Political Tribes – Amy Chua – Bloomsbury – R285
This is first and foremost a book about America, but it’s also about the rest of the world and how humans operate. In particular, Yale Law Professor Amy Chua explains how we form tribes, how loyalty to those tribes transcends almost every other emotion, and how such tribal loyalty affects every political dimension imaginable.
Just as important, though, is her observation that where a minority tribe achieves a market dominant position with regard to the much poorer majority, there is almost always a revolution.
This is why America, the most powerful nation in the world, lost the Vietnam war. Not only were the Vietnamese implacably hostile to their ancient foes, the Chinese in China, but a Chinese tribe – the Hoa – had achieved market dominance in Vietnam itself. America’s hopelessly incorrect assumption that the war was a struggle between capitalism and communism was, in fact, a push by the Vietnamese tribe for independence. It was fuelled by the fact that almost everything America did to bolster South Vietnam only served to make the Chinese Hoa richer, more powerful and more hated by the ethnic majority. At no point, according to Chua, did the US generals or politicians ever realise this.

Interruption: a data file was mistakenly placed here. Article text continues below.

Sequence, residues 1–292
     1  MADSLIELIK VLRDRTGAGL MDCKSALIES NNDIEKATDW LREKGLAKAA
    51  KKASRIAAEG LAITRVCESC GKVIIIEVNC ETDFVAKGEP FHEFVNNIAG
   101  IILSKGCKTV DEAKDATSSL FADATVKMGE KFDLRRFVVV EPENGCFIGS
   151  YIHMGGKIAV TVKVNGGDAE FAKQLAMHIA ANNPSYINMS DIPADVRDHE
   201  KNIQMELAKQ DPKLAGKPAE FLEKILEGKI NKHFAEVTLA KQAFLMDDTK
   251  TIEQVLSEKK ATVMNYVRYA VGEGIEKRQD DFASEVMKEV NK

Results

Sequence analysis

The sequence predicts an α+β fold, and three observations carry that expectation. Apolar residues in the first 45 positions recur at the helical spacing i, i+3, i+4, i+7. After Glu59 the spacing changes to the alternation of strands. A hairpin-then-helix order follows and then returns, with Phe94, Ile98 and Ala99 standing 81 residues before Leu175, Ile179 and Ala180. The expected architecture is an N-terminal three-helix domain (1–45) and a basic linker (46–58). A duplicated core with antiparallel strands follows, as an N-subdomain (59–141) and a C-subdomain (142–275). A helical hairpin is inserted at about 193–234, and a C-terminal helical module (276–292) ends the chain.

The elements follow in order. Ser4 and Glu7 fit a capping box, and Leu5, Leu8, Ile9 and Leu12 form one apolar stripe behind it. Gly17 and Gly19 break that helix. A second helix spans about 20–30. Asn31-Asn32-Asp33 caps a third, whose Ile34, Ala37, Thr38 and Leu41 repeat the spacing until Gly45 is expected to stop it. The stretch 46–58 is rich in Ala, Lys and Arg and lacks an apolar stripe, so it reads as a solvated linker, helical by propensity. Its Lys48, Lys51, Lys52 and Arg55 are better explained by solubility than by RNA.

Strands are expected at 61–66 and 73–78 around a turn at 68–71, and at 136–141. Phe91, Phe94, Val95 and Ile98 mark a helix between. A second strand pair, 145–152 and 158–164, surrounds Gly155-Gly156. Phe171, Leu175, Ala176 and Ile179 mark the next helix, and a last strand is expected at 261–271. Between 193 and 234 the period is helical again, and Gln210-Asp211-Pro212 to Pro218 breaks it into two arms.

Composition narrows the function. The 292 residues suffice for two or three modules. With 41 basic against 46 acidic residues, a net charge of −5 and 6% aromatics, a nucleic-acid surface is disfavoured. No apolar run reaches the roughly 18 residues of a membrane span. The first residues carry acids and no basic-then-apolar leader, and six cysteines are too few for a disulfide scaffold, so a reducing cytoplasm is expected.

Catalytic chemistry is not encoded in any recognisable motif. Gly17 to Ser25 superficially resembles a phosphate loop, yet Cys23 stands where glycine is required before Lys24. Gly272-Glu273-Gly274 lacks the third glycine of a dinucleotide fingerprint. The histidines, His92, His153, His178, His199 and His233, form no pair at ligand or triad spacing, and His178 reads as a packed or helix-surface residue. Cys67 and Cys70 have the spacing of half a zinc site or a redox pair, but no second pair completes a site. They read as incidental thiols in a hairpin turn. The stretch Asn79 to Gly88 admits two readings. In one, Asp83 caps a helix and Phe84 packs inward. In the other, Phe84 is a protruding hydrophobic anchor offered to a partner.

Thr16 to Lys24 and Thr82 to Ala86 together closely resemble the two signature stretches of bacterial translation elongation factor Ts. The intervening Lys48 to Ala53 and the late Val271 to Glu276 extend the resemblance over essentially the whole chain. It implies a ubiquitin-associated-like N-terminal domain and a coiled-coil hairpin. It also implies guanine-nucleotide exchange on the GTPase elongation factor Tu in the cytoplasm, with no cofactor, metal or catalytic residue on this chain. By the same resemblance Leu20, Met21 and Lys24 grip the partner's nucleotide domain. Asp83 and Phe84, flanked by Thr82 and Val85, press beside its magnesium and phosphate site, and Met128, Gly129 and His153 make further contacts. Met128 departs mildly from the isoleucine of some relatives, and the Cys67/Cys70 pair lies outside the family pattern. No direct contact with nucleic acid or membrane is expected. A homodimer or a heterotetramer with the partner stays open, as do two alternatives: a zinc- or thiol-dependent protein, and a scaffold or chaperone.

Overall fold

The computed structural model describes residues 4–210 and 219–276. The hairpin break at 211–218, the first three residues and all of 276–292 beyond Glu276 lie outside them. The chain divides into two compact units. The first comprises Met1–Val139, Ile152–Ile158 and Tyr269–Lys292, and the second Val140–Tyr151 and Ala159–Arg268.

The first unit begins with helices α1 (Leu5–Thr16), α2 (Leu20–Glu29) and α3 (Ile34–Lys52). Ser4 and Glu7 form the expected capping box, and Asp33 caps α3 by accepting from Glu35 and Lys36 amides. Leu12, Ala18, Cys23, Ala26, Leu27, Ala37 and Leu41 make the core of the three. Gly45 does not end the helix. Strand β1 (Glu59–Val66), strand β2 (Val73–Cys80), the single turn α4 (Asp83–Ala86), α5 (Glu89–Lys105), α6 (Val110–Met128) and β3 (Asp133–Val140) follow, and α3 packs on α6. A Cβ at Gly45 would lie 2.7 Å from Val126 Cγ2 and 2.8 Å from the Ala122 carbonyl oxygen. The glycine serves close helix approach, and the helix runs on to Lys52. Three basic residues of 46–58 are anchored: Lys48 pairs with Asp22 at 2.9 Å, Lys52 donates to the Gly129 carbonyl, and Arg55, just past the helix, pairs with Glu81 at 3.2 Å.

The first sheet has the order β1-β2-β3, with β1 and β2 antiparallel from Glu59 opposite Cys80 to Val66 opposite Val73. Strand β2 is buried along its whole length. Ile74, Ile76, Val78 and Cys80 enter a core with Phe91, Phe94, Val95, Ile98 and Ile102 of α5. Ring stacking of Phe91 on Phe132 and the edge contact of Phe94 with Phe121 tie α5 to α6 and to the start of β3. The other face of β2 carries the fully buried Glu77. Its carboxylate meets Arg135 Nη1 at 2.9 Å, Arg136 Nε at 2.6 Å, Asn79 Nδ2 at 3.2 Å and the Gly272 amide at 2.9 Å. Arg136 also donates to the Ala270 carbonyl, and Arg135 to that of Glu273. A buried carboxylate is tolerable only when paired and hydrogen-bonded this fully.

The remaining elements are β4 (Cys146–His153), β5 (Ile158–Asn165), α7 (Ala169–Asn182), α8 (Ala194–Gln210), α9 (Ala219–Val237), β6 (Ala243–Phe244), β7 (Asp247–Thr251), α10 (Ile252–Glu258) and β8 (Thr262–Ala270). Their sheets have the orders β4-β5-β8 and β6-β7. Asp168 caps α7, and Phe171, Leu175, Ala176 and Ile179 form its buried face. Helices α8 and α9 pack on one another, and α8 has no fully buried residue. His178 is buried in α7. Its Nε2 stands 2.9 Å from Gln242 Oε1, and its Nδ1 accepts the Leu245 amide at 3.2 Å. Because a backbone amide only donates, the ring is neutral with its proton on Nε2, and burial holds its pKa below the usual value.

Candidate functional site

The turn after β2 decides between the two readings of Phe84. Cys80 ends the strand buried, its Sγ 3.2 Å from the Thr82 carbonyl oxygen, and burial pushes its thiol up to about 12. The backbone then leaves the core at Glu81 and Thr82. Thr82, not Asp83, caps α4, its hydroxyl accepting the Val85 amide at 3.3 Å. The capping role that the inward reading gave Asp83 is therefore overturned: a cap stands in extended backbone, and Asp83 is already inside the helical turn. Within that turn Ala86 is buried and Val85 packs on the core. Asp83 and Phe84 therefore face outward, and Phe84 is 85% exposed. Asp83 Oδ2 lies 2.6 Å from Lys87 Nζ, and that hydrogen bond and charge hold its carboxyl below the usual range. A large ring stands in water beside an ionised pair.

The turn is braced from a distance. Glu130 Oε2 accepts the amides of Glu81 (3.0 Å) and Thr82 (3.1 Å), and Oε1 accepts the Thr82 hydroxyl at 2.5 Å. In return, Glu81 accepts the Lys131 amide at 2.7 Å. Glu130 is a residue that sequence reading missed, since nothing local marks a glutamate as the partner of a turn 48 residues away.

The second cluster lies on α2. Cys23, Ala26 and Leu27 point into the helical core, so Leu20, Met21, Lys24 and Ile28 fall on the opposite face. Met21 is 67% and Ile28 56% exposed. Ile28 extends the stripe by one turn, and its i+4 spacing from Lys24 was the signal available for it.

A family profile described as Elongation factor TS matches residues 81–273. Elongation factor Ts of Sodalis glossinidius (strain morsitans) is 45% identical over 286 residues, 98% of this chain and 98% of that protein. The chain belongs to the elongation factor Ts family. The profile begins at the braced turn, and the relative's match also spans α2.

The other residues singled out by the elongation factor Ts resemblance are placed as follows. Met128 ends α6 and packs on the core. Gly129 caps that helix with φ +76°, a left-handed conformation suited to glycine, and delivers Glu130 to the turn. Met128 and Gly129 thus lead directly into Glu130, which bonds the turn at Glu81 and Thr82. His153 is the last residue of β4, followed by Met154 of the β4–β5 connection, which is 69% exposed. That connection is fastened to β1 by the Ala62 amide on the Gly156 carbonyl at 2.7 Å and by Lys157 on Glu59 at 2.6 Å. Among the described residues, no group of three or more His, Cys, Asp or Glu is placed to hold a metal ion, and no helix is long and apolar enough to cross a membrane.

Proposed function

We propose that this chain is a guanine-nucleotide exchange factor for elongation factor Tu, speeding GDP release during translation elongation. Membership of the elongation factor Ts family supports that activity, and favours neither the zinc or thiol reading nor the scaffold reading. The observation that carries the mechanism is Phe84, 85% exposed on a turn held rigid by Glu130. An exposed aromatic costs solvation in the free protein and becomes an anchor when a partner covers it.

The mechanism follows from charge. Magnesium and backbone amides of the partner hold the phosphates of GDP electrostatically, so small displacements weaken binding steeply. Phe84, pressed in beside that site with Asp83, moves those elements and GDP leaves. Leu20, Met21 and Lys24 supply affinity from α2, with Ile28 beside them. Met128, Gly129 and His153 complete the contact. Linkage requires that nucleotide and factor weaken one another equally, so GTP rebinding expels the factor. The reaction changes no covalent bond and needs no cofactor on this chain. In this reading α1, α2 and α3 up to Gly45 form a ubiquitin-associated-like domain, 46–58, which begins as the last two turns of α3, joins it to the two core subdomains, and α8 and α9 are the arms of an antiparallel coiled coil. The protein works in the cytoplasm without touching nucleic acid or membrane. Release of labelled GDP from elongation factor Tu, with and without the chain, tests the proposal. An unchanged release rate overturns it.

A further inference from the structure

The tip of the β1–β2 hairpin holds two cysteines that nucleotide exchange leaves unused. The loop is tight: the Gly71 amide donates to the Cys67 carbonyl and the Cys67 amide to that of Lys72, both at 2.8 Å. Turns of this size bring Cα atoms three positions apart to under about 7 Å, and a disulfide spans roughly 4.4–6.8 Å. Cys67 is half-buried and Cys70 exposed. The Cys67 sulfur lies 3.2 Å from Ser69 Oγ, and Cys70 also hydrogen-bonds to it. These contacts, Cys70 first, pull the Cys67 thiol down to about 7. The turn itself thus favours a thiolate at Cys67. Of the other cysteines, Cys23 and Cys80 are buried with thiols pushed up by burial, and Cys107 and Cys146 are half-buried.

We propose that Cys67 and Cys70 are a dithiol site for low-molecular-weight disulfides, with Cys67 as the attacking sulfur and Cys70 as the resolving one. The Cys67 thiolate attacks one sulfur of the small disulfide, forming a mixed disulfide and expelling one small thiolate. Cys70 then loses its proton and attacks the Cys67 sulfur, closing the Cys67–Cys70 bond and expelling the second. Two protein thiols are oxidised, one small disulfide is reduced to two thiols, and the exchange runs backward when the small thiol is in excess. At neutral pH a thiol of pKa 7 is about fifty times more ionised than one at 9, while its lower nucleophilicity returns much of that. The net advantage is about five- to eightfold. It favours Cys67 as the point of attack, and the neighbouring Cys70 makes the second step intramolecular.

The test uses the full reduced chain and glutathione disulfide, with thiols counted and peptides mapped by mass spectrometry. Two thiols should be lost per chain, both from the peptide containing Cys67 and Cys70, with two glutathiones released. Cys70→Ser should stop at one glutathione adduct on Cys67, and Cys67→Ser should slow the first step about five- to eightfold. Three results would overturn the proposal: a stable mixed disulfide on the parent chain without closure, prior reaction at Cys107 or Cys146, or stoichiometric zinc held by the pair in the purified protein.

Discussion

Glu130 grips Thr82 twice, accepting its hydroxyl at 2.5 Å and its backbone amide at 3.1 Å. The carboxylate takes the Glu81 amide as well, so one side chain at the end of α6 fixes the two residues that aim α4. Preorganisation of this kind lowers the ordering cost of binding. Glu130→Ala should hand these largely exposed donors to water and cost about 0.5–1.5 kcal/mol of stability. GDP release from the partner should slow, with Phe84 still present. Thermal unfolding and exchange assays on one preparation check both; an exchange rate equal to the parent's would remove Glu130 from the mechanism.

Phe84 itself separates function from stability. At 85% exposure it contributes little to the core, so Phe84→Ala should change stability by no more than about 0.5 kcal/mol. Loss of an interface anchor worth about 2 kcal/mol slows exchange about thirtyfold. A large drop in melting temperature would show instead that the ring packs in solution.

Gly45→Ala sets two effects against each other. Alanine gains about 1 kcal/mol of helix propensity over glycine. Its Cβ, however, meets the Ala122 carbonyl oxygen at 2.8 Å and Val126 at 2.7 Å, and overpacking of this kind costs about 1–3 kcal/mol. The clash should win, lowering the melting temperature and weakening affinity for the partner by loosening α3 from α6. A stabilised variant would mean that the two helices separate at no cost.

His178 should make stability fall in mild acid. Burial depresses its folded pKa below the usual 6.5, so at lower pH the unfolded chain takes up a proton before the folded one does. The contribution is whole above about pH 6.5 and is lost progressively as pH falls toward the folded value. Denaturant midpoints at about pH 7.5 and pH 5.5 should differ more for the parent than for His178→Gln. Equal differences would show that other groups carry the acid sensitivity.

With chapters on America’s failures in Afghanistan and Iraq, as well as a penetrating analysis of Hugo Chávez and Venezuela, Chua brings us to modern America and the 2016 presidential victory of Donald Trump. In short, she suggests that he was propelled to the White House by several different, mainly white working class, political tribes, like the NASCAR supporters, or WEF fans, or followers of the Prosperity Gospel or a group of conspiracy theorists called sovereign citizens. In common, they share a sense of isolation and exclusion from the mainstream – fertile ground, according to Professor Chua, for politicians like Trump or Chávez, who are perceived as ‘not like the élite, but one of us’.